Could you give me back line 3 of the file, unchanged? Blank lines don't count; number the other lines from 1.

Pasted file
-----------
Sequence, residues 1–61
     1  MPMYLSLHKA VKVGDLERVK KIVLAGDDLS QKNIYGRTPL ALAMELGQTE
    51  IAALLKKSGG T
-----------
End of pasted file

    51  IAALLKKSGG T